Zz.

8. Mar 11, 2006

### Gokul43201

Staff Emeritus
Not with the set-up you've described. If you drew the picture I asked you to, you'd see that there is no stable equilibrium in any of the possible configurations - unless the 6 magnets are connected to each other rigidly. And even then, the only configuration that will permit reasonable flux entry is one where 3 of the magnets have S-poles facing the SC cube. This, however, means that flux "lines" through the SC must enter and leave through adjacent, rather than opposite, faces of the cube. I'm not sure how energetically feasible that would be.

Last edited: Mar 11, 2006
9. Mar 11, 2006

### snip

Ok, so I just made a diagram of a better way to do it. How about instead of one superconductor in the center we have 6 superconductors, each next to one of the permanent magnets, and attached to a cube in the center. You really have to see the attachment. Anyways, since the magnets are sufficiently spread out we don't have all these magnetic fields crossing each other, so the superconductor will basically lock in the flux of the magnet next to it. It's like the classic flux pinning experiment, but one on each side of a cube. I can't think of a way this one wouldn't work.

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10. Mar 11, 2006

### Intuitive

You could also drill holes into each face of the Super Conductor Cube to where it looks like a Die or Dice, instead of dimples, it would have holes, each hole exits out each opposite side so that the Meissner effect can penetrate the Super Conductor Cube from 6 sides, This could help control the flux pinning of the Super Conductor between multiple Magnets by controlling the Meissner effect over and through the Super Conductor.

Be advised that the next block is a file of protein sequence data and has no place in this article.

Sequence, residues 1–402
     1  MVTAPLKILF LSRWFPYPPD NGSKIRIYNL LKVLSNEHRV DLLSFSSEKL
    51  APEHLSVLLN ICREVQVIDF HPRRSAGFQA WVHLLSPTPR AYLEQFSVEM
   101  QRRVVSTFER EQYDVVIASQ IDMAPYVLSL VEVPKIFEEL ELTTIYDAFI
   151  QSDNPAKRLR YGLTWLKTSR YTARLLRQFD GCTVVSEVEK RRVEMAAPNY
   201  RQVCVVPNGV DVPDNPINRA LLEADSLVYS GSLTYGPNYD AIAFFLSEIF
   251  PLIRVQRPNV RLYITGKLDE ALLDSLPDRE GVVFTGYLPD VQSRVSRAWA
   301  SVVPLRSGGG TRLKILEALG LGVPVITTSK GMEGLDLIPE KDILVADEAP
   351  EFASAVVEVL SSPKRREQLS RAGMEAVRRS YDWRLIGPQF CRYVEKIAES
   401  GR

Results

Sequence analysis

11. Mar 13, 2006

### Gokul43201

Staff Emeritus
Depends on what you mean by "work". If you plan on spinning this around, or chucking it in the air, it might not stay suspended any longer. If you subject the device to larger than critical accelerations, you will exceed the critical field that will drive the SC normal.

If you are reasonably gentle with the device, the inner structure will stay suspended.

Also, I imagine your "air gap" is really a cryogen.

12. Mar 13, 2006

### ZapperZ

Staff Emeritus
There is something I don't quite get in all of this. Based on your scheme, what is the real reason of requiring (i) that there has to be magnetic field penetration forming fluxes in the superconductor and (ii) that there has to be pinned flux?

Why isn't this done with purely a Type I superconductor with magnetic field below the Hc? What is the physics requiring flux formation in the superconductor and that they be pinned? Is it purely stability issue? But I haven't seen you even use such arguments. Your scenario so far has been purely geometrical.

Zz.

13. Mar 14, 2006

### snip

Well, I don't know about other ways without flux pinning, but pinning seemed like the way to accomplish what I wanted. The reason I'm curious about all of this is simply that I wondered if there was a way to create an object inside another object in a natural stable configuration where the two objects don't touch. You then seal both objects and create a vacuum between them, in the "air gap", and now the inner object is not touching ANYTHING. I don't know about you guys, but I just think that's kinda cool.

Last edited: Mar 14, 2006
14. Mar 14, 2006

### ZapperZ

Staff Emeritus
So you have no clue why, for example, you can't use a Type I superconductor?

Zz.

15. Mar 14, 2006

### snip

I don't see what your getting at. I was merely wondering if it would work at all, I don't remember saying there couldn't be other ways to do it. Are you talking about using the Meissner effect instead of flux pinning? Would that be stable?

16. Mar 14, 2006

### ZapperZ